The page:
The outlook of Carnegie's generation of peace advocates that is most difficult to recapture today is their belief in the historical role and meaning of the United States. Today, the old Left and the new Right are as one in viewing the United States, from its origins, as an aggressively expansionist and imperial power—a “dangerous nation” whose recent behavior, especially in Iraq, reflects a long tradition.11 Far otherwise was the view of the peace advocates. They believed, with Charles Eliot, president of Harvard from 1869 to 1909, that the greatest contribution the United States had made to civilization was in showing a practical way to the abandonment of war as a means of settling international disputes.12 They celebrated America's long record in utilizing arbitration as a method of diplomacy and pointed proudly to a series of negotiations with the British government, dating from the Jay Treaty of 1794, in which arbitration had figured prominently.13 With Herbert Spencer, they saw America as the leading representative of an industrial civilization that would sweep away the atavistic remnants of militarism. As historian John Fiske had written in the mid-1880s, in a Spencerian projection that Carnegie shared:
The disparity between the United States, with a standing army of only twenty-five thousand men withdrawn from industrial pursuits, and the states of Europe, with their standing armies amounting to four millions of men, is something that cannot possibly be kept up. The economic competition will become so keen that European armies will have to be disbanded, the swords will have to be turned into ploughshares, and thus the victory of the industrial over the military type of civilization will at last become complete.14
These views were registered in the revulsion that anti-imperialists felt toward the United States' war in the Philippines. Carnegie and his anti-imperialist friends were astonished at the ease with which America could “puke up its ancient soul,” as William James put it. They recoiled at the gushing tributes toward war indulged in by men such as Roosevelt, who, wrote James, treated “peace as a condition of blubberlike and swollen ignobility, fit only for huckstering weaklings, dwelling in the gray twilight and heedless of the higher life.”15 They saw grave danger to constitutional principles and the national character in the adoption by America of an imperialist ethos. With Massachusetts Senator Charles Sumner, a storied though controversial figure in the American peace movement, the anti-imperialists believed that empire obtained by force “is un-republican, and offensive to the first principle of our Union, according to which all just government stands only on the consent of the governed. Our country needs no such ally as war. Its destiny is mightier than war. Through peace it will have everything.”16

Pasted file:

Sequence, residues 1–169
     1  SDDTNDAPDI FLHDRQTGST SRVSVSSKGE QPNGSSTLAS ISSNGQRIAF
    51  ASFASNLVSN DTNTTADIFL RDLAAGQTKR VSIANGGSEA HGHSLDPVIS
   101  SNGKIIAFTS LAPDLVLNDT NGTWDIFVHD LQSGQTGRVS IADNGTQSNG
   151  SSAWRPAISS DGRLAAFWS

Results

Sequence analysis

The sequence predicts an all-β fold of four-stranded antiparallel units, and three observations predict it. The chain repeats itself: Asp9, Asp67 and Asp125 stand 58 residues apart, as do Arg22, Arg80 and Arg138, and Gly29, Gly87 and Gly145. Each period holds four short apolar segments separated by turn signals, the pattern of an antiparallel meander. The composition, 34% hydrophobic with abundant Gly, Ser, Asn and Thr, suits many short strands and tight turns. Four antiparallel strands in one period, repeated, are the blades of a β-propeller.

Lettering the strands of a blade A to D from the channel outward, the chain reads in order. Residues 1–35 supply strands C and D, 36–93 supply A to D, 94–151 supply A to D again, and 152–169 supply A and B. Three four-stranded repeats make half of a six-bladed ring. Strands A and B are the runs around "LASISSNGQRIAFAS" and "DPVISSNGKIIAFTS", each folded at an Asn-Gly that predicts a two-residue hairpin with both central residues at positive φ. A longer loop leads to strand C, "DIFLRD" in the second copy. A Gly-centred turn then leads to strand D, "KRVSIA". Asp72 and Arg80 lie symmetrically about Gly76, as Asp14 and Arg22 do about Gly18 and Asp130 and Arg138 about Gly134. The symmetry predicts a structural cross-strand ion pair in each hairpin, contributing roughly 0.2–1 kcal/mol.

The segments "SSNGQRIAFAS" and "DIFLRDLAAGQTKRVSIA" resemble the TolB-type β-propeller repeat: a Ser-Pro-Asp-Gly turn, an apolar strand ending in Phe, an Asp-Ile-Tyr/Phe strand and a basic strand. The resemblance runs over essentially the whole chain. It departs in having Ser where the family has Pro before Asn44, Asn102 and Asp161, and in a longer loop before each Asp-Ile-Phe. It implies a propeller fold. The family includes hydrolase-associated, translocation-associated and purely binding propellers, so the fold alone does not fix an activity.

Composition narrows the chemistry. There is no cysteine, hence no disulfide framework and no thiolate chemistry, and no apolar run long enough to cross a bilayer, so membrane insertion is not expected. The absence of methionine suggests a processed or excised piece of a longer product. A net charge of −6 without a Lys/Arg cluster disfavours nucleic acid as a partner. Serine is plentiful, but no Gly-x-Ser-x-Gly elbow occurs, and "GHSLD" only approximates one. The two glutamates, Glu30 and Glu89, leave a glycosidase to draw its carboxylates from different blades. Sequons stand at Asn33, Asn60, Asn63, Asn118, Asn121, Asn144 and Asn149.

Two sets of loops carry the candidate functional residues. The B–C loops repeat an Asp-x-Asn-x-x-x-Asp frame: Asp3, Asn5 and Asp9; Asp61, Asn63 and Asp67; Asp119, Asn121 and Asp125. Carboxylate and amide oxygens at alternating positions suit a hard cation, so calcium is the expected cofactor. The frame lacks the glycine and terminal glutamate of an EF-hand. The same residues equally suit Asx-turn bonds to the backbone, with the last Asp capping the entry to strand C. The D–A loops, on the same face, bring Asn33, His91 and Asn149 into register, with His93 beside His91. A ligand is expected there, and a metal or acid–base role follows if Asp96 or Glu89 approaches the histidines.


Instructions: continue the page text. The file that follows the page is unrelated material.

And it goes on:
A significant number of thinkers were attracted to the intriguing notion that the United States Constitution pointed the way toward the federation of the world, though only a handful sketched out plans of international government. According to William Hull, a professor at Swarthmore who served on the board of the Church Peace Union, “the great peaceful republic of the western hemisphere” was well fitted to take the lead in forming “a fraternal union between all the members of the family of nations.” Such a union—“in which law and justice shall take the place of force and warfare, in which the smallest and the largest nation shall be on the same terms of equality before the law of nations, as are mighty Texas and ‘Little Rhody’ in the presence of the American Constitution”—would make “doubly dear to us the dear old flag.” The accomplishments of the American federal system gave the present generation “great hope and a great incentive” to realize this precious international ideal.17